Can I volunteer with CASA while having a full-time job?

Apr 24 2018

multitasking

by Ashika Sethi

Many potential volunteers ask us, “What all is involved with being a CASA volunteer?” and while the answer varies from case to case, a typical volunteer spends roughly 15-20 hours per month advocating for a child in their community. Although dedicating over 15 hours to this volunteer opportunity can be seen as a potential deterrent to those with full-time jobs, it is absolutely possible to manage and excel at both simultaneously.

In 2017, over 50% of active CASA volunteers in Travis County held full-time jobs, 8% held part-time jobs, 6% were self-employed, and 2.5% were students. That’s roughly two-thirds of active CASA volunteers who were able to balance this volunteer opportunity with their primary work.

The role of a CASA volunteer is unique from other volunteer opportunities in that most of the hours put into this work are spent remotely. Take a look at the typical month in the life of a CASA volunteer, and you’ll see that aside from training, usually the only times a volunteer needs to be present during regular working hours are for court hearings and occasional CPS meetings. Even then, court hearings typically only happen every three months. These 15-20 hours encompass every activity that a volunteer does that involves their work with CASA, including time spent driving to a child’s placement, texting with parents, and sending emails to those involved on the child’s case.

That being said, our Child Advocacy Specialists are here to help our CASA volunteers better manage their time spent advocating for children so they get the most out of every minute.

“To succeed at being a CASA volunteer, it’s all about time management and good communication skills,” says Laura Honsig, one of our Child Advocacy Specialists. “If a volunteer is able to communicate well and collaborate with their supervisor, it makes planning ahead for meetings much easier. It’s also good to collaborate because if an emergency were to happen with a child, the volunteer can rely on their supervisor to be present if their job conflicts with their availability to address the issue in person.”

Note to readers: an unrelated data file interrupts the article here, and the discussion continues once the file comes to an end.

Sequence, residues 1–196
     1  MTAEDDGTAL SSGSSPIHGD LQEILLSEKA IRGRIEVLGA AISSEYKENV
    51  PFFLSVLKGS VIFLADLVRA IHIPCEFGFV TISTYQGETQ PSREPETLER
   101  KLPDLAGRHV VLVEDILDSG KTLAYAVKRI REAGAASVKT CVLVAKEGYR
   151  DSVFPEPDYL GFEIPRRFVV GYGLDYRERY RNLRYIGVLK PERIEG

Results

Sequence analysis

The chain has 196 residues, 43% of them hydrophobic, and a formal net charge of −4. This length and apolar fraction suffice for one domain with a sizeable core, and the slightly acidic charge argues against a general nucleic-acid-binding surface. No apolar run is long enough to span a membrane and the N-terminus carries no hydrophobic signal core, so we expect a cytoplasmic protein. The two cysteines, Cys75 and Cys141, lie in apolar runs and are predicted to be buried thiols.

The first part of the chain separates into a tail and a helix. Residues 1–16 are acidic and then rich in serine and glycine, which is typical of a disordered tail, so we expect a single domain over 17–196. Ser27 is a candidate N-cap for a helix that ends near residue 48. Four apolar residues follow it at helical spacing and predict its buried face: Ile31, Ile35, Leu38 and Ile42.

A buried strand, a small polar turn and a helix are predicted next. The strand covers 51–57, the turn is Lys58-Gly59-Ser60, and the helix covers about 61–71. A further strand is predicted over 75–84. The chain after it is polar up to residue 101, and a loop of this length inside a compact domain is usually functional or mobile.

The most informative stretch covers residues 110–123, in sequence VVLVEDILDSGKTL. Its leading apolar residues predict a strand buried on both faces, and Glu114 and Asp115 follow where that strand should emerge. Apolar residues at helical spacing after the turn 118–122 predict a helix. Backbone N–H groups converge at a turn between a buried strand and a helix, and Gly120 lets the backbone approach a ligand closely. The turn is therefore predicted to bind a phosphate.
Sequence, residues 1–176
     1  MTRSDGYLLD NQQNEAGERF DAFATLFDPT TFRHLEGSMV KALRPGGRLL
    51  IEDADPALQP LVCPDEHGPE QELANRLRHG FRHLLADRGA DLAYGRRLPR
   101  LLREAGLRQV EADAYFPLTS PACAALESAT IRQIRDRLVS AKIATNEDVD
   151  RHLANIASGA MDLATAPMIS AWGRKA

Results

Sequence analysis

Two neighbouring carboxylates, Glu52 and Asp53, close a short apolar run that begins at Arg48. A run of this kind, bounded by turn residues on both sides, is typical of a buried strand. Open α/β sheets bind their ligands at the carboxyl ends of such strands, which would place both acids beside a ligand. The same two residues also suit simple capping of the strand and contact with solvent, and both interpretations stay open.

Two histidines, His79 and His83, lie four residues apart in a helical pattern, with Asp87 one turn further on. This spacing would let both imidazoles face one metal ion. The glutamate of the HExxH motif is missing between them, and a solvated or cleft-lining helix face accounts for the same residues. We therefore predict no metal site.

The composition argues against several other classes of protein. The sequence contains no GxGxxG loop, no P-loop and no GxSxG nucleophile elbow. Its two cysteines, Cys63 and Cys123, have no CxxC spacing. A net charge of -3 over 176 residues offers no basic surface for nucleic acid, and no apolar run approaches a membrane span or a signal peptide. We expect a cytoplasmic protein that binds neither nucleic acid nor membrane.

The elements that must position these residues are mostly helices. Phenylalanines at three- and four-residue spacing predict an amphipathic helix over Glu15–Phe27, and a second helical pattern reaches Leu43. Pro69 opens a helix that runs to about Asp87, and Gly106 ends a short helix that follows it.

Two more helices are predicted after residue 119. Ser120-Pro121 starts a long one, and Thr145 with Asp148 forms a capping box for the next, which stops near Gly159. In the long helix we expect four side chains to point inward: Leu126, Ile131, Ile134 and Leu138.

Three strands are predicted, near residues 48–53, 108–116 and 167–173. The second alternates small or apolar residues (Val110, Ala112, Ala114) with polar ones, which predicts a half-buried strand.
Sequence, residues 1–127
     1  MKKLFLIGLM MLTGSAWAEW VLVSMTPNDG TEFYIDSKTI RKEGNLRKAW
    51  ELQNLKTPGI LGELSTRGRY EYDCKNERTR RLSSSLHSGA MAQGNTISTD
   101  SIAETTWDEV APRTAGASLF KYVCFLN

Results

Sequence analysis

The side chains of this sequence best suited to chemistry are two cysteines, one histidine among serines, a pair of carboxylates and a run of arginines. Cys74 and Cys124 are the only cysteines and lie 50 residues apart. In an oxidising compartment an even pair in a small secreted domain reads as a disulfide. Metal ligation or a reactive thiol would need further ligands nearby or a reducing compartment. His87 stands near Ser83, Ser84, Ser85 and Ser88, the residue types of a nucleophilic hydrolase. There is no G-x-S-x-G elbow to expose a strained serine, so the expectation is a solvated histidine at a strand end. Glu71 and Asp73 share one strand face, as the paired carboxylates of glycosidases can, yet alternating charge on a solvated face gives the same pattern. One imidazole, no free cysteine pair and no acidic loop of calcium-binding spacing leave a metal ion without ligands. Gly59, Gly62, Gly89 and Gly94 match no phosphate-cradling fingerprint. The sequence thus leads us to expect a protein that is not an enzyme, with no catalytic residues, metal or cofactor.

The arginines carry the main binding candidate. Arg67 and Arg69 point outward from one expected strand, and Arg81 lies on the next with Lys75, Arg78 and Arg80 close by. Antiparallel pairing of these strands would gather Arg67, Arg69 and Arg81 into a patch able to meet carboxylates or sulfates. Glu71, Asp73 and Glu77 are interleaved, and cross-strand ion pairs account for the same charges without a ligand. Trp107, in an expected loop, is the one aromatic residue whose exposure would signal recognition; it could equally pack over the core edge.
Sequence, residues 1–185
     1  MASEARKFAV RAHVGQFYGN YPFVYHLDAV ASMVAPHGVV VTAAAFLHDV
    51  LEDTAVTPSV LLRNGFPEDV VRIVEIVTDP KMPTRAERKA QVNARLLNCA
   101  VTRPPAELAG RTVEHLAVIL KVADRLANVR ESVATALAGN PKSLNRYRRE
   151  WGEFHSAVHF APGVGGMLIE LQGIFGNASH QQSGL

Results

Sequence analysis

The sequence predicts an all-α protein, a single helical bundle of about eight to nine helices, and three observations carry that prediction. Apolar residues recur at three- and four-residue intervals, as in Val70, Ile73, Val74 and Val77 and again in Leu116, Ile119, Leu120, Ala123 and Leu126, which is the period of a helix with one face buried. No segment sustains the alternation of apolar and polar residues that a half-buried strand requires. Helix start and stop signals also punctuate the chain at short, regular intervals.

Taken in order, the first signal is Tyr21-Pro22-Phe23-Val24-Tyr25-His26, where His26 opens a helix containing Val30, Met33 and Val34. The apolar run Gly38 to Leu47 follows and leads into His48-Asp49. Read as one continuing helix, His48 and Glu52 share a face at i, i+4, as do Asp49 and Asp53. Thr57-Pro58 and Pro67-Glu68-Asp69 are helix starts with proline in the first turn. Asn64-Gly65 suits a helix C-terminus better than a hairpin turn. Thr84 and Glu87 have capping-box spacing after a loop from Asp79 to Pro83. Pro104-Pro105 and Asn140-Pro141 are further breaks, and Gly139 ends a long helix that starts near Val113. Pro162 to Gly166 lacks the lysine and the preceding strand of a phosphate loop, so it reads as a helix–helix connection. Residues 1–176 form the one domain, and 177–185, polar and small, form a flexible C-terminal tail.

In this article on how to effectively manage time, one tip is to plan ahead for activities and items that need to be accomplished in the upcoming days or weeks.

“The time you spend thinking ahead and planning your activities is trivial compared with the time you’ll lose jumping from one thing to the next (and rarely completing anything). Depending on your personality, try one of these options:

  • The night before — At the end of the day, take 15 minutes to clear your desk and put together a list of the next day’s most pressing tasks. It’s a great decompression technique, and you’ll feel better sitting down at a clean desk in the morning.
  • First thing in the morning — Arrive a few minutes early and assemble your prioritized to-do list (see #2). This may prove to be the most productive part of your day.”

With this tip in mind, it can be helpful to spend an hour or two before/after work to dedicate to logging activities in our online case management database and planning for child visits or court hearings.

It’s important to remember that when a person wants to do something, they make the time to do it. CASA volunteers want to help children in their communities. This drive to improve a child’s life motivates our volunteers to carve out a few hours a week in order to make sure that the child is being looked after – from ensuring the child feels safe at their current placement to connecting with teachers and counselors on the child’s progress.

The impact of a CASA volunteer can change the trajectory of a child’s life in ways that wouldn’t be possible without our volunteers’ persistence, time and dedication. We at CASA truly believe that the hours CASA volunteers dedicate to children in our community are imperative to those children’s success and happiness.